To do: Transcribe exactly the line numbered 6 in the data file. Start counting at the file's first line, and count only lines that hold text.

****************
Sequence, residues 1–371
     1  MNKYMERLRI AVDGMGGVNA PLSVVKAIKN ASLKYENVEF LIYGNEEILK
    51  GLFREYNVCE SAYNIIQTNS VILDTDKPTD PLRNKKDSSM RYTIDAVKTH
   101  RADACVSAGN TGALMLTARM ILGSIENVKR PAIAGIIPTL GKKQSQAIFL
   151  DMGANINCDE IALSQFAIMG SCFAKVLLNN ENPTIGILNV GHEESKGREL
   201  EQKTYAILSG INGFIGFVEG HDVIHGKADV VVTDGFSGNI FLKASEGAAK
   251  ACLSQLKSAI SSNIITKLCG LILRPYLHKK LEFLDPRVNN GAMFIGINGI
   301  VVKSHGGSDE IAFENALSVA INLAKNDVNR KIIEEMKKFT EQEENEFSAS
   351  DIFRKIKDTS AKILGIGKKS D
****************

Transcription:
   201  EQKTYAILSG INGFIGFVEG HDVIHGKADV VVTDGFSGNI FLKASEGAAK